Saturday 31 August 2019

Luck of the Dice

Wargame Move 5

We had an interesting problem during our current wargame.   Two good dice throws, or bad depending on which side you were on, effectively ended the game on move 5 of 12 moves.   Worse still it would result in an early and unsatisfactory end of a campaign phase.   We were faced with the decision to accept the dice, or to ignore them and roll again.   Let me explain.

This was the fourth battle in the campaign phase.  We would normally expect to have about eight.   The Austrians has lost the previous three battles, and really had to win this one.  A defeat would result in a premature end of the campaign phase.

It was a large battle with three corps per side. 

The Austrians were attacking.   They had 10 infantry brigades, 3 cavalry brigades and 3 corps artillery.   However two of their infantry brigades had 2 casualties each, and a third 1 casualty.   Two of their cavalry brigades had 1 casualty each.

The Bavarians were defending.  They had 9 infantry brigades, 3 cavalry brigades and 3 corps artillery.   They only had 1 casualty on one of their infantry brigades.   And they held a large city, easily defended.

Although the Austrians had 10 infantry brigades against 9 Bavarian brigades, they had more casualties.   Each casualty reduced morale and combat by 1 on each dice throw.  So 2 casualties makes for a very weak brigade, quite likely to break and run if forced to test morale.

Consequently the Austrians needed to inflict some casualties on the Austrians, and particularly at the point of attack.   They would have four moves to fire their artillery, and then would have to attack anyway.   The Bavarians would have at least six moves to fire artillery, because the attackers had to move into close range to engage in firefight or hand to hand combat.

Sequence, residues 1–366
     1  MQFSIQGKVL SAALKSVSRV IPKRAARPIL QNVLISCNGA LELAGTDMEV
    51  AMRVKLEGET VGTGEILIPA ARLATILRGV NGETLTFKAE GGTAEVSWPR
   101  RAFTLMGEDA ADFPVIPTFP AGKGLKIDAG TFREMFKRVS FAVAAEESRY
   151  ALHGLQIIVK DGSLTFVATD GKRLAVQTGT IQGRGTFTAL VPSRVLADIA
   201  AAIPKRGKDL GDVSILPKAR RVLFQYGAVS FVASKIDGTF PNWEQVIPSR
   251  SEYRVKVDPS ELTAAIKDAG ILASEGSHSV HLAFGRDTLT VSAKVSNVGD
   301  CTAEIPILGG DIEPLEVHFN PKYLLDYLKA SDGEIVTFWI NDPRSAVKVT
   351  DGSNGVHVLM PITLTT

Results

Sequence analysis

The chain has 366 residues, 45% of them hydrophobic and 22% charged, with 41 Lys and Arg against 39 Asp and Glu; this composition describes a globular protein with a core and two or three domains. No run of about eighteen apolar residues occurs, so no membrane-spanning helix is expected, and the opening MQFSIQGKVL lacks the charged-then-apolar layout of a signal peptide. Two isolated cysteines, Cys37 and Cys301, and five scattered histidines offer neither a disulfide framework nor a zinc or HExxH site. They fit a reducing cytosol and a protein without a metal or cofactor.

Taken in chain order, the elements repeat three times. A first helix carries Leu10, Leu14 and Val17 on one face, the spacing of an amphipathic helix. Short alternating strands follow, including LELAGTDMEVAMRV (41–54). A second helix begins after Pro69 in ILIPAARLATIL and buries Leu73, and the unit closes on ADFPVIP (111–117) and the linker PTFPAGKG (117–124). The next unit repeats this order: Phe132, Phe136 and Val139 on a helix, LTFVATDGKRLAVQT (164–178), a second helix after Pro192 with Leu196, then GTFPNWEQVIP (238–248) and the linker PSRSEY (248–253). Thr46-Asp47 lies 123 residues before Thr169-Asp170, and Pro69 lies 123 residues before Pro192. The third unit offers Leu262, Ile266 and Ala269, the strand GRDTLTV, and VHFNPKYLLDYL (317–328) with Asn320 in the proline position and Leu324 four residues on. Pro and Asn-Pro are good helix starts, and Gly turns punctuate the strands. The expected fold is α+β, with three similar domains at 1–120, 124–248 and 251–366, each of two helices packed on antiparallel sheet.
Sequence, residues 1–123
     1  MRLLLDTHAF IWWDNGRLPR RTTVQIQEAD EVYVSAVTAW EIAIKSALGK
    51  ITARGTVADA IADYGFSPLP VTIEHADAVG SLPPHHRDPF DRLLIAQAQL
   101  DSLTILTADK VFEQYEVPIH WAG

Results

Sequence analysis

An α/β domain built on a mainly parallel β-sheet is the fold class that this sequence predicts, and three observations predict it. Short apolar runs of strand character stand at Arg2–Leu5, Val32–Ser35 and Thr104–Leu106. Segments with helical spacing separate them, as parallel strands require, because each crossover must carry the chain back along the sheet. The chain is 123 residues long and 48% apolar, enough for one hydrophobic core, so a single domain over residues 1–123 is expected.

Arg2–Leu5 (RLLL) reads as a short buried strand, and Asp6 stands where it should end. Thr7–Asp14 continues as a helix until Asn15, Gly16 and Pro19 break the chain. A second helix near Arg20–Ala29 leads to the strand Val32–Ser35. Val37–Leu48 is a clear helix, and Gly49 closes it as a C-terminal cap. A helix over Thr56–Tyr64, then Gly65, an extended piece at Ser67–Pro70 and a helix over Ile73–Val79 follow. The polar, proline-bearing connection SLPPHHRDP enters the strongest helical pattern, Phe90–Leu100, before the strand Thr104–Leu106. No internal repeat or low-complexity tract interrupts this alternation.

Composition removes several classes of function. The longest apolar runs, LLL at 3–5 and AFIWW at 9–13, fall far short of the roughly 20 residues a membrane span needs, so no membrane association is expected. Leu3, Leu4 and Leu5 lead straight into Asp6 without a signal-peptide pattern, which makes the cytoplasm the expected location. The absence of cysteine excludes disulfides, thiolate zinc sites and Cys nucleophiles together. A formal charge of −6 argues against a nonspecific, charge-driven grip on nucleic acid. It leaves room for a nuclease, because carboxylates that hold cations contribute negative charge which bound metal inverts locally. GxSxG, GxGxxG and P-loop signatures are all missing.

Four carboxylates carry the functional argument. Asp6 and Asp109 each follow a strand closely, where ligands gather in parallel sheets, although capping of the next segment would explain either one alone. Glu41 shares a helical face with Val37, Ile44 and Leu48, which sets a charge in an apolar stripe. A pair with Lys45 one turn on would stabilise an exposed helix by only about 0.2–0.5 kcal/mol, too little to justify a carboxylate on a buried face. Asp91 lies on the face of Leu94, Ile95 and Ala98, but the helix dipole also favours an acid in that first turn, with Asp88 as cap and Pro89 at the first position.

At the start of move five the Austrians has suffered one infantry casualty, and the Bavarians one cavalry casualty.   In order to reach the Bavarians and have time for a combat the Austrians must move this turn.

All three Bavarian corps moved first, due to the luck of the card draw.   First corps artillery needed 11 to hit Bavarian, rolled 12.   Third corps needed 10 to hit artillery, rolled 11.

These artillery casualties meant that the Austrians could not fire this move, and an infantry advance would screen the guns.   Their cavalry could not charge, because two brigades already had one casualty each.   Their only option was for the infantry to attack unsupported by either cavalry or artillery.

We were tempted to ignore the whole move and play it again.  But that would defeat the whole purpose of the dice roll.   But accepting the result would mean an early end to the campaign.

What would you have done?

We decided to refight the whole wargame and hope for a better result second time around.

Wednesday 28 August 2019

Summary of Campaign in North Germany

Battles fought in Northern Germany

At end of each campaign phase I do a summary of the whole 1813 campaign in that area.   This is so that anyone visiting the Campaign Diary blog can go straight to the summary page which is always up to date.

This summary has a map of the campaign area, and shows all battles fought to date.   Each battle fought is indicated by a coloured star.   In this area blue indicates a French win, and grey a Prussian one.   This simple map gives a clear picture of what has happened since the start of the campaign.

This is followed by a short introduction to the campaign, and an even shorter description of each campaign phase fought so far